Preferably, the control portion is configured to be capable of issuing a charge instruction or a discharge instruction and a perform instruction of charging or discharging. The control device is signaled of a state of the control portion via the first connector, and when the control device receives the discharge instruction and also receives the perform instruction, the control device performs discharging the power storage device to outside the vehicle, and when the control device receives the charge instruction and also receives the perform instruction, the control device allows electric power to be received from outside the vehicle to perform charging the power storage device.
More preferably, when the control device receives the perform instruction and the discharge instruction via the first connector, with a second plug unconnected to the second connector, the control device performs discharging the power storage device to outside the vehicle via the first connector. When the control device receives the perform instruction and the discharge instruction via the first connector, with the second plug connected to the second connector, the control device performs discharging the power storage device to outside the vehicle via the second connector.
Preferably, the second connector is configured to allow a second plug to be connected thereto, the second plug being provided at one end of a cable having the other end connected to a power conditioner station. The control portion is configured to be capable of issuing a first pattern signal and a signal of a pattern different from the first pattern signal. When the control device receives the first pattern signal via the first connector, with the second plug connected to the second connector, the control device allows electric power to be received from outside the vehicle via the first connector or the second connector to perform charging the power storage device, and when the control device receives the signal different from the first pattern signal via the first connector, with the second plug connected to the second connector, the control device performs discharging the power storage device to outside the vehicle via the first connector or the second connector.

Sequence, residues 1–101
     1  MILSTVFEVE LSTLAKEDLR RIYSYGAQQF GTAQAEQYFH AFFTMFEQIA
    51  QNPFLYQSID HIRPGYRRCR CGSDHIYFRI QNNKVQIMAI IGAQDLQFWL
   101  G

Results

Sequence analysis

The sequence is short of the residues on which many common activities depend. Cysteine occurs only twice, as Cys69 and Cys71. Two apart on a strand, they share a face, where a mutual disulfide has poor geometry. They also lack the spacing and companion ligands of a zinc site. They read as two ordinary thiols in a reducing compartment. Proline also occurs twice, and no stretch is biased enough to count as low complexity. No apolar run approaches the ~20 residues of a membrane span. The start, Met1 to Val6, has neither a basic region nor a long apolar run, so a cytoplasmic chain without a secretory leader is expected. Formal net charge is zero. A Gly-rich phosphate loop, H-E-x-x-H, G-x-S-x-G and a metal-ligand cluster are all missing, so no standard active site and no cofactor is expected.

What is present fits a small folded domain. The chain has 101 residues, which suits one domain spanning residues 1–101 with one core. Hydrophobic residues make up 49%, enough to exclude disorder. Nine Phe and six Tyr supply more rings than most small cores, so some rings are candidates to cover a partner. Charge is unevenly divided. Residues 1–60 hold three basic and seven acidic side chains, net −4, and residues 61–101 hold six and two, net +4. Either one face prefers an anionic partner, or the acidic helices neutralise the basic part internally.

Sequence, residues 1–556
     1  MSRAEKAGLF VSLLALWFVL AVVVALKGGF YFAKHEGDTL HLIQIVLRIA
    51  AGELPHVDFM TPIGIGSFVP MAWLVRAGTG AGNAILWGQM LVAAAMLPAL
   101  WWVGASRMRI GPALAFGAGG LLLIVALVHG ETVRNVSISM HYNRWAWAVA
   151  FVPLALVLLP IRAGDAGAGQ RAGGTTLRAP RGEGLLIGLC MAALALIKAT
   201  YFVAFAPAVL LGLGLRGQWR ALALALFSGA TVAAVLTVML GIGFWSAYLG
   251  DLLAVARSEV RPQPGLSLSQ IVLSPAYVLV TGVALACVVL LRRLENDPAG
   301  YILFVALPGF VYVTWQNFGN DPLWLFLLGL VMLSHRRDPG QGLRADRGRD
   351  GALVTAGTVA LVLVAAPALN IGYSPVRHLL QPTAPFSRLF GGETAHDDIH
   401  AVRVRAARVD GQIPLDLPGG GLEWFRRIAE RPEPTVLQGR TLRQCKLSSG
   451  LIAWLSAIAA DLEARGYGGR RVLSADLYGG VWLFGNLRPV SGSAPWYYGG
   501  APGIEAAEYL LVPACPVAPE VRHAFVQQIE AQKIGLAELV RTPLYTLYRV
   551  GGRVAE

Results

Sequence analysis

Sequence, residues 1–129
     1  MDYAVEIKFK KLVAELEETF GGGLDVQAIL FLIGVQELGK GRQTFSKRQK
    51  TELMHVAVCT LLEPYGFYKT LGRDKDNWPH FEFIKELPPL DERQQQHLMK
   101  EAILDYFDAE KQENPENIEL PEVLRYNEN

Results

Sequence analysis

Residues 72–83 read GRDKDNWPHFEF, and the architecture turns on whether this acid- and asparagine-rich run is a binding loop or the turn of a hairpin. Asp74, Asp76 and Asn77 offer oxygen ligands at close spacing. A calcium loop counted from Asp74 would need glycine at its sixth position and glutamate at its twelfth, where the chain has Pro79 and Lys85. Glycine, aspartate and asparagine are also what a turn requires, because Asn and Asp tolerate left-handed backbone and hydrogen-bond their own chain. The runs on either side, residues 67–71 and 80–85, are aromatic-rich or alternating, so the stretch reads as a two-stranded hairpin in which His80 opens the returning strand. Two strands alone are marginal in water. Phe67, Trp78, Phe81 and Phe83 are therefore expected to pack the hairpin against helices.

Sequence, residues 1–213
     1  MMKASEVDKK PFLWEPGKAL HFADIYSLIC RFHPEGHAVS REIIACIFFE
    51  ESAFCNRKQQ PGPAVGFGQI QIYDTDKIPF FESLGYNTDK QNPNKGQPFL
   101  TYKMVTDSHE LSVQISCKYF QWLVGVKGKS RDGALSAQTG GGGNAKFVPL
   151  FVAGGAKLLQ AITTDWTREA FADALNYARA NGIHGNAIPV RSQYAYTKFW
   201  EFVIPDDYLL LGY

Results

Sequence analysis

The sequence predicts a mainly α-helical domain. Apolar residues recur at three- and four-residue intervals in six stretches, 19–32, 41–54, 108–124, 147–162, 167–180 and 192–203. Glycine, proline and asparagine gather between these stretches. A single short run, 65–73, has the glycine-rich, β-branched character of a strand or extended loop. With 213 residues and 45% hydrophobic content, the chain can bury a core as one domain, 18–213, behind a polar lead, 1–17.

Still preferably, the second connector includes an input node to receive from the power conditioner station a signal indicative of a command to start discharging from the power storage device to the power conditioner station. When the control device receives the second pattern signal and the discharge instruction via the first connector, with the first plug connected to the first connector, and the second plug connected to the second connector, instead of the power conditioner station, the control device outputs to the input node a signal indicative of the command to start discharging.
More preferably, the second connector is configured to allow a second plug to be connected thereto, the second plug being provided at one end of a cable having the other end connected to a power conditioner station, the vehicle further comprises a first CAN communication unit, the power conditioner station includes a second CAN communication unit, and when the control device receives an instruction from the control portion, with the second plug connected to the second connector, then the control device initiates the first CAN communication unit to perform communication.